Legal Aspect of E-Commerce: Dealing as a File-Hosting Website in UK
LEGAL ASPECT OF E-COMMERCE: DEALING AS A FILE-HOSTING WEBSITE IN UK
This essay provides an exams relating to those legal issues that UK Companies could encounter operating in the e-commerce field. Specifically, it explores the legal issues relating to those Companies which operate as hosting providers. In doing so, an hypothetic case will be taken into account and the issues included in it will be discussed in accordance with the UK law.
THE HYPOTETIC CASE
Vito Pappagallo Ltd is a UK based company wholly owned by Vito Pappagallo, which operates Pappagallocompany.com, a file-hosting site. Users upload files to the site, and can then download them remotely from anywhere with Internet access. Files can either be password-protected, or unprotected. Vito Pappagallo Ltd charges £10/month for use of their facility. Payments may be by Credit Card or Debit Card, and are sent via HTTPS trusted third party encryption.
Pappagallo's written standard business terms include the clauses :
1. We are not liable for any interruption in access to files stored on our servers
2. You license us to make any use we deem necessary of files you have uploaded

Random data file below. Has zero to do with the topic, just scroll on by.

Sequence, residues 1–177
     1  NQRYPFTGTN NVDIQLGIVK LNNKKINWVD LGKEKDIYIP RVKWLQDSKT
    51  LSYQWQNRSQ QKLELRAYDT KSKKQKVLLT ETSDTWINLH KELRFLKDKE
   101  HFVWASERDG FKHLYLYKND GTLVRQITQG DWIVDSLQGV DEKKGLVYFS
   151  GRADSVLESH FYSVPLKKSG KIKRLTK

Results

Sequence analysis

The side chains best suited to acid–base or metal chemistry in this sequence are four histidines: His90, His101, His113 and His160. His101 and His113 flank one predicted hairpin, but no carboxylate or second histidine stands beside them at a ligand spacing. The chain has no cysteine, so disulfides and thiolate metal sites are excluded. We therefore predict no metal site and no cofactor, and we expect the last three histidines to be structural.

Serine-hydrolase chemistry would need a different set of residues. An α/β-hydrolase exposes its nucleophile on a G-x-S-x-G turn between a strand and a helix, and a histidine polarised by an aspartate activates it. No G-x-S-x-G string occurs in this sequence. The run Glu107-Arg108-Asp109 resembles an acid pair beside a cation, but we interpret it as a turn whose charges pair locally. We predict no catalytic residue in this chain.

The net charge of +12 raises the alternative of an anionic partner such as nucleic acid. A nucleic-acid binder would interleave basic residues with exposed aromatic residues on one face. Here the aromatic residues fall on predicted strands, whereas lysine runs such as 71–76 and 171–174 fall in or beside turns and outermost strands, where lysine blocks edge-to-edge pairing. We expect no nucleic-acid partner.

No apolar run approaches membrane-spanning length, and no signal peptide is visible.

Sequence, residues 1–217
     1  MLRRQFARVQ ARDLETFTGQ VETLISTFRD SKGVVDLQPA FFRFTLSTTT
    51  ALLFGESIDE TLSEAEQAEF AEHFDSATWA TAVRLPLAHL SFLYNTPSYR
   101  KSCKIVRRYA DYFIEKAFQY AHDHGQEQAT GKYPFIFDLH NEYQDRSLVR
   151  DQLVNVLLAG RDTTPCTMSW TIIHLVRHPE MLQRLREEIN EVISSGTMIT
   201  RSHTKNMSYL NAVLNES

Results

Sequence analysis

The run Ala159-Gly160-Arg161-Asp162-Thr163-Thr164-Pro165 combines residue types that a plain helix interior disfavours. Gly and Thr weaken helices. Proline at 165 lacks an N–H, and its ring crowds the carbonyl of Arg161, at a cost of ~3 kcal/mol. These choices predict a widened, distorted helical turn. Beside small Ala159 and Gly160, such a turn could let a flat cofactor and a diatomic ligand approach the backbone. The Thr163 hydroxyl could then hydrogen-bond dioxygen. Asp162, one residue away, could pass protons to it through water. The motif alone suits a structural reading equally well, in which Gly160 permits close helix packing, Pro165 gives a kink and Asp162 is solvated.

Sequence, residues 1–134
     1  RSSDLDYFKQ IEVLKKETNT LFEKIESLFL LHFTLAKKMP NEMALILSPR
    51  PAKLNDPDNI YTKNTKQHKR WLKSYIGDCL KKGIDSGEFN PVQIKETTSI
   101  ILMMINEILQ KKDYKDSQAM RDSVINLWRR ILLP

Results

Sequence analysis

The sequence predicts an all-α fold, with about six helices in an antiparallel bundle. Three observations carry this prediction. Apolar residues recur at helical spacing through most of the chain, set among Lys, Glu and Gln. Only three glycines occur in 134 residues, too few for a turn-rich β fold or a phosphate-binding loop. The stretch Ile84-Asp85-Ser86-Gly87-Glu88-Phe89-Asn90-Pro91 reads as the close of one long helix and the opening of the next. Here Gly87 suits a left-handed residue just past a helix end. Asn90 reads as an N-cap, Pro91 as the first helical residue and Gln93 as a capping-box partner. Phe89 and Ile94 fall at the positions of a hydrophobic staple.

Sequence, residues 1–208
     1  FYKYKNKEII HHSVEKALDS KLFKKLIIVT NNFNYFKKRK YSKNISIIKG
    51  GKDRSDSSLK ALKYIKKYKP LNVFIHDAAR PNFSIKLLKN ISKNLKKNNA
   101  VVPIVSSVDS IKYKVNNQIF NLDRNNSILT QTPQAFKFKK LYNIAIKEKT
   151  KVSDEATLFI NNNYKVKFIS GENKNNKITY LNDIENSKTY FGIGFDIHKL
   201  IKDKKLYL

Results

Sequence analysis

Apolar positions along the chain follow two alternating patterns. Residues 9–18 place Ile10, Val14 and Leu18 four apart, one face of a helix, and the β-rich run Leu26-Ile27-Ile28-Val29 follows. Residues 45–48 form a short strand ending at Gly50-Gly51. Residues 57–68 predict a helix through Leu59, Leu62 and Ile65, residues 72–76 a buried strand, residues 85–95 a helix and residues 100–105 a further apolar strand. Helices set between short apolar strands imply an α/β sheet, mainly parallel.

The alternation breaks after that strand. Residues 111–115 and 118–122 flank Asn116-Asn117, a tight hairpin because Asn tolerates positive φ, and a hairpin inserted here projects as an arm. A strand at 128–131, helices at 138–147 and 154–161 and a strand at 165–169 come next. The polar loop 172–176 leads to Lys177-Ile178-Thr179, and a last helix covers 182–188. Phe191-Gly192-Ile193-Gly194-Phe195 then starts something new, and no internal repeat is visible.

3. We are not responsible for the content of any files you upload
4. Credit Card payments attract a 5% premium, while Debit card payments attract a 2% premium, for instance they cost £10.50 and £10.20 per month respectively.
5. Payment is for a minimum of one year.
Bob is resident in the Netherlands. He has a small business as a photographer, including selling pictures he has photographed, and copyright licenses to make use of those pictures. Some of the pictures are of semi-nude models. Bob wishes to begin selling pictures online. He goes to Vito Pappagallo Ltd’s website, scrolls through the terms and conditions without reading them, and clicks “I agree”. He then pays via credit card (the credit card company is registered in Ireland), and begins uploading pictures to Pappagallocompany.com. When customers later buy photo rights from Bob, he gives them his Pappagallocompany.com password so that they can access the photo files he has uploaded.
Three months later, Bob checks his credit card bill and sees that he has been charged £31.50. He is angry at being charged £ 1.50 more than he expected, and goes to Pappagallocompany.com to cancel his contract. He is unable to locate any contact details for Vito Pappagallo Ltd on Pappagallocompany.com. He calls his credit card company and tells them not to accept any more charges from Vito Pappagallo Ltd. They comply. One month later Bob’s credit card company refuses the next charge from Vito Pappagallo Ltd and charges it a £50 penalty charge, which they are entitled to do according to their payment processing contract with the said company. Vito Pappagallo is angry and wishes to sue Bob for breach of contract.